[Tip from JohnB] Here's a useful trick if you can't get that end bolt to start with the new bushings in there...take off the bolt that holds the sway bar link to the strut control arm (same thread...longer bolt!) and use that bolt to start/compress the new cone bushings. Then unscrew the long bolt and put the correct bolt in with loctite

[Tip from Paul] After replacing the strut rod bushings (also known as cone bushings because of their shape) it is better to lightly snug the fastening nuts while the front end is supported off the ground. Then lower the front end back to earth and tighten the nuts to the specified torque. The reason for doing this is so that the bushings can find their sweet spot or neutral setting in the position that they will spend 99% of their time in. If you torque them up with the front strut arms hanging down and then lower the car to the ground it is possible that there is tension in the bushings as the load of the car is put on them. This is probably something you would never feel driving the car, but it could contribute to decreased bushing life.

Do the other side the same way and take it for a test drive. I will be willing to bet the steering feels quite a bit more precise. You are done with your part, but now you need to contact your local friendly alignment shop to have the alignment set again, as it is probably in need of a bit of adjustment. You have just saved yourself about $100 in labor and parts costs.

[Tip from W Bain] Once the new ones are in, lower the car and tighten to specs. I've got the Volvo green manual for our cars and the torque specs are: Bushing, washer and bolt for control arm: 95 Nm - 70 Ft-Lbs Then rock the front end a few times, torque the rear nut and bolt to 85 Nm - 63 Ft-Lbs.

More Tips.

[Inquiry on 89 745T:] What's the best procedure for replacement of the front suspension radius arm bushing with minimal disassembly? I simply removed the sway bar end link (replacing them anyway) and the bolt holding the control arm to the radius arm. So I was obviously able to get the front conical bushing out (man, was it trashed) and now I can't get enough play to clear the tube from the radius arm where it goes through the control arm. Do I remove the radius arm from its rearward mount (to the chassis)?[Response] You have to remove the arm.

[ Inquiry 2: ] How about the chassis end?[Response] The rear bolt has to come out. It is the only way to get the rear bushing off.

[Inquiry 3:] If I am replacing struts and balls joints, is it better to remove the CONTROL arm instead of the RADIUS arm? Is it more likely that the control arm's chassis side bushing is in need of replacing vs. the RADIUS arm's? [Response] Control strut bushing (the conical $20 bushing, two each per side) is the one most likely to need replacing. BTW, IPD sells the whole front end bushing set for $130 or so...if you're replacing four conical bushings for $80 and your car has over 100k on it, you should just bite the bullet and buy the IPD bushing kit and do them all. However, it's not trivial to replace the other front end bushings (much like the rear) - you need a press.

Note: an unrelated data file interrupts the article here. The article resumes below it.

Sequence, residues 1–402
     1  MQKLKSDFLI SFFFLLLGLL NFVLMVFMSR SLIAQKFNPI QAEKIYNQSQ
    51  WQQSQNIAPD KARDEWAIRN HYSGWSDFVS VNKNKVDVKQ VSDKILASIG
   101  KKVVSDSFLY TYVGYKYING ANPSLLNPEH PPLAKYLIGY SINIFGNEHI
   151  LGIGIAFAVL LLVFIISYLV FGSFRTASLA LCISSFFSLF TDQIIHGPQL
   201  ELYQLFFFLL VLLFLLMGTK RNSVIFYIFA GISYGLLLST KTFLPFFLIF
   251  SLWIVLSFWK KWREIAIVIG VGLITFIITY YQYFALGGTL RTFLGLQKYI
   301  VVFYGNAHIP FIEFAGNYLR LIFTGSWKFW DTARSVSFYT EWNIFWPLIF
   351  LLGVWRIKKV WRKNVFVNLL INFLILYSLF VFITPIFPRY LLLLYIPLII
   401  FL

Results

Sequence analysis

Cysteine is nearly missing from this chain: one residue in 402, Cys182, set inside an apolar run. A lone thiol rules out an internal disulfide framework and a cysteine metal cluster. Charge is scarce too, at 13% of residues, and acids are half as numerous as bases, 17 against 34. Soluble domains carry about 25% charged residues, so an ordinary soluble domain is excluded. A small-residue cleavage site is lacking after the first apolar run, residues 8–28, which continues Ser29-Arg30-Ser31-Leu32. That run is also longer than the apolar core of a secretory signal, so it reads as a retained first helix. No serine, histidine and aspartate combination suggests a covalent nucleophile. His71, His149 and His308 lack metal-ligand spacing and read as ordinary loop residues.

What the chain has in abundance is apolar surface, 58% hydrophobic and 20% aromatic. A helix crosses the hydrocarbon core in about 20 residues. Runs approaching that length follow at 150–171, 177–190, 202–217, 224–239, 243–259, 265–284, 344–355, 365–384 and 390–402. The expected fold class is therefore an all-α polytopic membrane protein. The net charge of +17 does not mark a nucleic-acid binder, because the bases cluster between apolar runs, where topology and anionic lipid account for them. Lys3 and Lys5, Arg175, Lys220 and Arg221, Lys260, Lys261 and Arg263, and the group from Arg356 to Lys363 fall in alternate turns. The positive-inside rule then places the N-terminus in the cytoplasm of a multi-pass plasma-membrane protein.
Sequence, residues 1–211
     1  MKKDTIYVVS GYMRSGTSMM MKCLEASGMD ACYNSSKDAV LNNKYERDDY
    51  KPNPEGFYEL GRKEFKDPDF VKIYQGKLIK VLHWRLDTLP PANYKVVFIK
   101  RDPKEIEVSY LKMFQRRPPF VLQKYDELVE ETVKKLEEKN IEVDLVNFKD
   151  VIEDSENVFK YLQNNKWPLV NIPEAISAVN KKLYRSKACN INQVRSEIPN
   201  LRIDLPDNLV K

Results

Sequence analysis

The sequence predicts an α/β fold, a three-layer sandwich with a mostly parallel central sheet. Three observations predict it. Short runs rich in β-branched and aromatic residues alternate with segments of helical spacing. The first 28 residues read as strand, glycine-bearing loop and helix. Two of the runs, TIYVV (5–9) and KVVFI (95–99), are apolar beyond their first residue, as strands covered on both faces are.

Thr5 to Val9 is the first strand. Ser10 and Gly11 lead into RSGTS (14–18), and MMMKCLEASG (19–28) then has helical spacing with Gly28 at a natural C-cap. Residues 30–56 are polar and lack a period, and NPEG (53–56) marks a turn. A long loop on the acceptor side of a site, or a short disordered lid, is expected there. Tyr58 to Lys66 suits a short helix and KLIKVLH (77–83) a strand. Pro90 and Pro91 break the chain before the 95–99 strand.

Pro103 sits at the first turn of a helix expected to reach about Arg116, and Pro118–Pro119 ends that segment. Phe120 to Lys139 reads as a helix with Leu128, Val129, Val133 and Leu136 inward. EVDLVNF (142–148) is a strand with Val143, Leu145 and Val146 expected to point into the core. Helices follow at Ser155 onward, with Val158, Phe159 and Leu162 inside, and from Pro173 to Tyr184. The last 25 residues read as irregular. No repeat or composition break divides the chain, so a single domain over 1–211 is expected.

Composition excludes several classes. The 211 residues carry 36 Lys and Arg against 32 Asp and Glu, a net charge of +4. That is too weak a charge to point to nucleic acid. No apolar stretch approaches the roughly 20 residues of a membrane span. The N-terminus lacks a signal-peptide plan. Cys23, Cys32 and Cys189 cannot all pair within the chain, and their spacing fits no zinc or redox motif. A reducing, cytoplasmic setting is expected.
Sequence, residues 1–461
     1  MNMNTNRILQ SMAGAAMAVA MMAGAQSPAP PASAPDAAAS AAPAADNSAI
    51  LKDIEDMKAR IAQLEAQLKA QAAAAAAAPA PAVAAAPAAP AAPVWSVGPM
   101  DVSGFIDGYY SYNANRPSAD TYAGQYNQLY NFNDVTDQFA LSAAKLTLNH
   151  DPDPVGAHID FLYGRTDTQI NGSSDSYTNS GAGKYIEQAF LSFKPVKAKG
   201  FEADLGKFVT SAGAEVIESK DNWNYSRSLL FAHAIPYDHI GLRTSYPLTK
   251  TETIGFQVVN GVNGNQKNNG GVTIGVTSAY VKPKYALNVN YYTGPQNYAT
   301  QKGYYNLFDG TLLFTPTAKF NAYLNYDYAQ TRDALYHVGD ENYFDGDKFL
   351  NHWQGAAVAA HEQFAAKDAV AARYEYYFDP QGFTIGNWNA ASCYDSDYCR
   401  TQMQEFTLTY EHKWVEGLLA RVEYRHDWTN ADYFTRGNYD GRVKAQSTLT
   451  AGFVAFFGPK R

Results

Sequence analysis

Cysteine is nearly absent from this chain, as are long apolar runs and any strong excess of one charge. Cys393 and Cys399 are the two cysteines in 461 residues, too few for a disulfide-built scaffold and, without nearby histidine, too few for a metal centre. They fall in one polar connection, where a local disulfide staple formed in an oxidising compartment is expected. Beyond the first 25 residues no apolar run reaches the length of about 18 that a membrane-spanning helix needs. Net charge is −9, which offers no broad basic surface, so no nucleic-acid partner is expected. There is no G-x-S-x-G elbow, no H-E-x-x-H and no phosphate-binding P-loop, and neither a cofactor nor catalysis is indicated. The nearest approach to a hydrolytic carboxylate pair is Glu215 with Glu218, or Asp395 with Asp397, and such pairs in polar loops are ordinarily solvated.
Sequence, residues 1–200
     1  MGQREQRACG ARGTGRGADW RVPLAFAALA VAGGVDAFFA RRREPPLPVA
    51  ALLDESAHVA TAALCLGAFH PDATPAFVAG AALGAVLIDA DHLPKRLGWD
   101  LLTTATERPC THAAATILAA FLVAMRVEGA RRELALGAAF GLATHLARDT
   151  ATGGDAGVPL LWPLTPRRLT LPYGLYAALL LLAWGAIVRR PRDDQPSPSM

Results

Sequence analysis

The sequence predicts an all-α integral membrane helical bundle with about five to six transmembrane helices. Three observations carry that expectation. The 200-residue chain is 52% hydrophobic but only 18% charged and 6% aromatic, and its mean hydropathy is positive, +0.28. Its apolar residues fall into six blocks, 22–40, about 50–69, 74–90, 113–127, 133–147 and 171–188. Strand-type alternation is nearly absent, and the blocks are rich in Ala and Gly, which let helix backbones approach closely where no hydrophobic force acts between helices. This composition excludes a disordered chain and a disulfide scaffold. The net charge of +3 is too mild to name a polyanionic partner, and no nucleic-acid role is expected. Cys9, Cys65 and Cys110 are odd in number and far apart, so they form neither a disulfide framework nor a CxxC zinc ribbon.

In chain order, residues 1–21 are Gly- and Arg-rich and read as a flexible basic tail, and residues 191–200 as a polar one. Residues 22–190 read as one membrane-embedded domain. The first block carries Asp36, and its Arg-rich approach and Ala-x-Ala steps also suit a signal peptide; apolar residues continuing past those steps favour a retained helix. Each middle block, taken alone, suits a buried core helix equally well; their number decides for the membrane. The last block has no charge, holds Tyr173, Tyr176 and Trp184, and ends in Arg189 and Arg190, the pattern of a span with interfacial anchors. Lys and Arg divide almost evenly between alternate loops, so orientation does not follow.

[Tip from Warren Bain] If you round off the radius rod rear bolt, replace with a 9/16 3" bolt which will work for the rear radius rod attachment point. The combo was about $4.80 for the set, nut, bolt and two washers. SAE quality only, no lesser quality will work since they might break and cause loss of vehicle control.

Grease on Bushings?

[Inquiry] Should I apply grease to the bushings?

[Response: Don Foster] Do NOT put grease on rubber components. Oil-based grease will quickly damage rubber bushings. I'd only add that you can grease the outer metal sleeves where they slide into a bracket or mating fixture, such as with the large trailing arm bushings-grease the metal-to-metal interference fit. It might ease the installation. Also, you can grease a bolt that slides through a metal sleeve-it might make disassembly easier ten years from now when you redo the bushings.

[Response: Jim Baron] The point underlying the first two responses: rubber bushings are not supposed to move or slip at all against metal surfaces: they are designed to absorb the various twisting and compressing forces imposed on them within the body of the rubber itself. If you grease the area where the rubber meets the metal, you create a sliding friction situation which will wear out the bushing very rapidly.

Weird Bolt Heads.

[Inquiry] The head of the strut rod bolt towards the rear is a 6-point star -- an inverse Torx head (looks like a giant Torx bit)! A 13/16" 6-point socket fits the nut end, and a 14mm wrench fits this weird star head, but I decided to abandon the job for fear of stripping the thing.[Jim McDonald] Go ahead: they will work.

960/90 Series Control Arm Bushings. Unlike 740/940 cars, in the 960/90 the rear bushing on the control arm is the one that frequently fails. If you don't have the tools to replace the rear bushing, you can inexpensively replace the whole arm. They're fairly easy to replace. Get the proper ball joint separator if you're planning on reusing the old ball joints. If you decide to get the whole arms I'd recomend against using Scan-Tech brand as I haven't heard many good things. Buy the Meyle arms instead of Scan-Tech.

Sway Bar End Links. [Editor] Note that the rubber bushings in your sway barPhoto courtesy of IPD end links will crack and wear. It makes more sense to replace the entire link, due to likely corrosion, than just the bushings. Note that there are two styles when ordering: the photo from IPD illustrates the differences between the early 4-piece link for steel control arms and the later 8-piece link for aluminum control arms. When installing the new bushings, tighten the nuts so that the distance between the top and bottom of the outer washers (the surface next to the nuts) is 42mm. Note that some reports of sway bar end link failure have occurred, all correlated with cheap aftermarket parts. This may be another instance in which the dealer-sourced OEM part is much more reliable.